They would train in the main gymnasium on the Stony Brook campus in the view of many other students. Many campus students would watch what they were doing and develop an interest in the Filipino Arts. As a result, Guro Carl would steadily gather more students. This would be the first group to hold the name Katipunan Ng Kalis and the group that Guro Carl considers the “Original Katipunan”. Guro Carl held classes 3 or 4 times a week in the main gymnasium or in dormitory lounges, training his students with the intensity that was reflective on his own training. He trained them in all aspects of Atienza Kali such as Atienza Kali Punyal, Isang Kalis and special weapons. In return Guro Carl would use his developing students as training partners further advancing his own skills.

Leo Manalo heard many stories of the Atienza brothers and their “real” approach to teaching and began to seek them out for instruction. Through mutual friends was able to meet Guro Carl but was not allowed to join the Katipunan Ng Kalis because of certain activites he was involved with that Guro Carl did not approve of. Instead, Guro Carl gave an introductory course to Atienza Kali to Leo, with the hope that the training and education of Filipino culture would pull him away from his current activites. Leo gave his full attention to Atienza Kali and had abandoned his other activities. He was then allowed into the Katipunan Ng Kalis.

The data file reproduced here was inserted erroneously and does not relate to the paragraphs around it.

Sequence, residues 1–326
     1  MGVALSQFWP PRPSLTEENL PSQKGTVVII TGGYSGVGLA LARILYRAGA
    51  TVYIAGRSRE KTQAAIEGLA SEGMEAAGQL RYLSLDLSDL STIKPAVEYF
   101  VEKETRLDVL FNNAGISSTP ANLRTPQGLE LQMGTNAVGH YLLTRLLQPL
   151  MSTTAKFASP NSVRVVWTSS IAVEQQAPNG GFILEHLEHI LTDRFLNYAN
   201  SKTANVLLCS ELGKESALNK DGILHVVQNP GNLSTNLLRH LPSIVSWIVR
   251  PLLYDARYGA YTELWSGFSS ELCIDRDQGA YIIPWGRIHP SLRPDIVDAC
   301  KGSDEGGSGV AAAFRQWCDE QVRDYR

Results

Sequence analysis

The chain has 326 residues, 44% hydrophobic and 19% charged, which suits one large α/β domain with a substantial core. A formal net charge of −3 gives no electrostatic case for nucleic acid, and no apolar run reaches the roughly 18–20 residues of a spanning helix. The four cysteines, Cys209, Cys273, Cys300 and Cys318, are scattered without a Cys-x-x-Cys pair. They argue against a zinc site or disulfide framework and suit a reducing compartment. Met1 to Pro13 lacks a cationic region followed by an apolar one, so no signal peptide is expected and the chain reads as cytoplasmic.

Leo was fascinated by Guro Carl’s skill and his approach to street fights through the Filipino Martial Arts. He would take trips on the weekends to Stony Brook from Westchester County just to train with Guro Carl. Leo was the second student of Guro Carl that had a passionate appreciation for Atienza Kali. He had taken Filipino Martial Arts in other schools but none of his previous training was like Carl’s. He had heard of the street encounters that the Atienza family had faced and finally got to see their skill first hand. Leo was a Filipino American and was never really educated in Philippine history. Long talks with Guro Carl after training sessions would open his mind to true Filipino culture. Leo Manalo would become Guro Carl’s second student to become a Full Instructor in Atienza Kali.

Spending only two years in S.U.N.Y Stony Brook, Guro Carl transferred to C.U.N.Y Hunter College. At this time Leo worked at Hunter College and helped Guro Carl start another training group. This was a group of about 10 students (including his original students who traveled from Stony Brook) that met 3 days a week to take lessons from Guro Carl. They would meet at the end of the day after classes and train for a few hours. The students from Stony Brook would come up once every two weeks to keep the skills fresh. Most of the students left the Katipunan Ng Kalis after graduation to pursue their respective careers. The only two students that stayed were Rue Reynolds and Leo Manalo.